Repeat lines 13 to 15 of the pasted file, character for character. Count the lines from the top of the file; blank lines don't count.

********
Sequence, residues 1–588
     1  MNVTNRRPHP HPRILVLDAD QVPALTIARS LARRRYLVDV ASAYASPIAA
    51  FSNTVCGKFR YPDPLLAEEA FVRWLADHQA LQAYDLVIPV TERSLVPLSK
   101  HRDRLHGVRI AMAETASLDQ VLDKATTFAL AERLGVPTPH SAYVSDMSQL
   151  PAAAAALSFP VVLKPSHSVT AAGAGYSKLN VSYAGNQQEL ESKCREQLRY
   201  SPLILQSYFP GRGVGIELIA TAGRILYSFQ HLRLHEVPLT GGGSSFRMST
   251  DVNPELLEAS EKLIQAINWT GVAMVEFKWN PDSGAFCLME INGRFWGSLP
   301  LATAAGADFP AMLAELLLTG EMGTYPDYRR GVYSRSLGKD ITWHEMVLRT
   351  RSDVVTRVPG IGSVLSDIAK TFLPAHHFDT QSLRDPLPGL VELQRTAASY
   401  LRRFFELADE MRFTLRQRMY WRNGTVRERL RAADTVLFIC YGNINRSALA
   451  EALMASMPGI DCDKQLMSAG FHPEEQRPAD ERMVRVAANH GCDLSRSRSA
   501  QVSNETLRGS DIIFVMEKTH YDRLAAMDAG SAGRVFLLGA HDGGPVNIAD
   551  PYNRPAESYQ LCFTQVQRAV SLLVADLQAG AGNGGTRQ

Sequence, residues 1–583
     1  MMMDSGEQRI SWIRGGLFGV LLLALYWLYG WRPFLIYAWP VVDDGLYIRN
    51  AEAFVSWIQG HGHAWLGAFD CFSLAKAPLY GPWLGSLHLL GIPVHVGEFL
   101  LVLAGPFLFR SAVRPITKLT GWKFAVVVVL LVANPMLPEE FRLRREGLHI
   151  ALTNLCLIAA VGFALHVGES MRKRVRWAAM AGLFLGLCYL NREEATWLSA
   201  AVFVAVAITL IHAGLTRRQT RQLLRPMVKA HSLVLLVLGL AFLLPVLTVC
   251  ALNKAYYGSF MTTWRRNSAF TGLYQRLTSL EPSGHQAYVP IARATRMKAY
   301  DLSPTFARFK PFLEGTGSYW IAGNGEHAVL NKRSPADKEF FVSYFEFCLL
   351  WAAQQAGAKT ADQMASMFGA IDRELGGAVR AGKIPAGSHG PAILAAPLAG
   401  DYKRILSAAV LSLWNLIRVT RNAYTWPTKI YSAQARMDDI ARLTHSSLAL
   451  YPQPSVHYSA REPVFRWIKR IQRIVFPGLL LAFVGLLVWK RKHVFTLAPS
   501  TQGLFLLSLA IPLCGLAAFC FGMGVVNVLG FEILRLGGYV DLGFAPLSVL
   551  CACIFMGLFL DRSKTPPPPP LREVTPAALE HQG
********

   551  PYNRPAESYQ LCFTQVQRAV SLLVADLQAG AGNGGTRQ

Sequence, residues 1–583
     1  MMMDSGEQRI SWIRGGLFGV LLLALYWLYG WRPFLIYAWP VVDDGLYIRN